of convienance or lazyness. that it is some much easier to just buy canned food.

                                                              1 Reply
                                                              1. re: bigjimbray

                                                                I spent about a month in late Summer in Italy several years ago on a farm in Umbria. We spent days visiting small towns and markets and every market had stalls selling canning supplies. Jars, lids, rings, electric and manual food mills, everything - and it was all for canning tomatoes. Everybody we talked to said that they all canned their own supplies for winter, sometimes with the family getting together to share the work.
                                                                They were buying cases of tomatoes at stalls. Guess they didn't care much if the tomatoes were from San Marzano or not. The fresh ones we bought every day were fabulous where ever they were from.

                                                              2. my husband is the cook in my family and he swears by redpack. no complaints here. he makes some tasty meals from those tomatoes!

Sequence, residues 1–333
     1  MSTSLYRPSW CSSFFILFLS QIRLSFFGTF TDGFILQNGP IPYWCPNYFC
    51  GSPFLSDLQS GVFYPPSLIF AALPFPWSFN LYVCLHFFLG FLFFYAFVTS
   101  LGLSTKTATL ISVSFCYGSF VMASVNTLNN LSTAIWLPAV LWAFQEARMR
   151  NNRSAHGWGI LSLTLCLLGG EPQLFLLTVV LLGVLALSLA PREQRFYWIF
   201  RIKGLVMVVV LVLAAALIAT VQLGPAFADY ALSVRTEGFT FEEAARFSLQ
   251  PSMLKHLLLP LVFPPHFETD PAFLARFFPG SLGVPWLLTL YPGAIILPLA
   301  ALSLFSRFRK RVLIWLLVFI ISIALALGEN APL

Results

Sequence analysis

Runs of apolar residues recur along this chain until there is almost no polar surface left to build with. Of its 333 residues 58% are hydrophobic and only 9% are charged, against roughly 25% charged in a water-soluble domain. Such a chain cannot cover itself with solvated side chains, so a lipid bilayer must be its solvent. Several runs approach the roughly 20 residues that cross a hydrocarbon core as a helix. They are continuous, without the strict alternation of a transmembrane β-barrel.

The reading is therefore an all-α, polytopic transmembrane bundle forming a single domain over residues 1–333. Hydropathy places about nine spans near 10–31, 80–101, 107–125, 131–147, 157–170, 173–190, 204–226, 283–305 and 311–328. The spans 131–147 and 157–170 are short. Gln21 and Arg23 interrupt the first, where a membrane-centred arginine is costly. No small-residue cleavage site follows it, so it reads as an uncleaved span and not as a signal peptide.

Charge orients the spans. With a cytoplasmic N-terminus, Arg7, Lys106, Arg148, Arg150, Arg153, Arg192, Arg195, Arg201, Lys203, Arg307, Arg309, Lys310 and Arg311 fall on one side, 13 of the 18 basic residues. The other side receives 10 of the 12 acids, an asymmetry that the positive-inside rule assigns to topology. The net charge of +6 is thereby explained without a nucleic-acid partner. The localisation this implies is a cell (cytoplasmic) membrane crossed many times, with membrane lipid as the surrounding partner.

4 Replies
                                                                1. re: ericalloyd

                                                                  Redpack are the harvest rejects. Seriously. I work in the Pizza/Italian business and am familiar with the manufacturers and processes. Redpack are packed from what remains after Stanislaus, Escalon, and the other higher end packers take their pick.

                                                                  1. re: 1HotTomato

                                                                    thanks for the info. redpack tomatoes taste good to me. seriously.

                                                                    1. re: 1HotTomato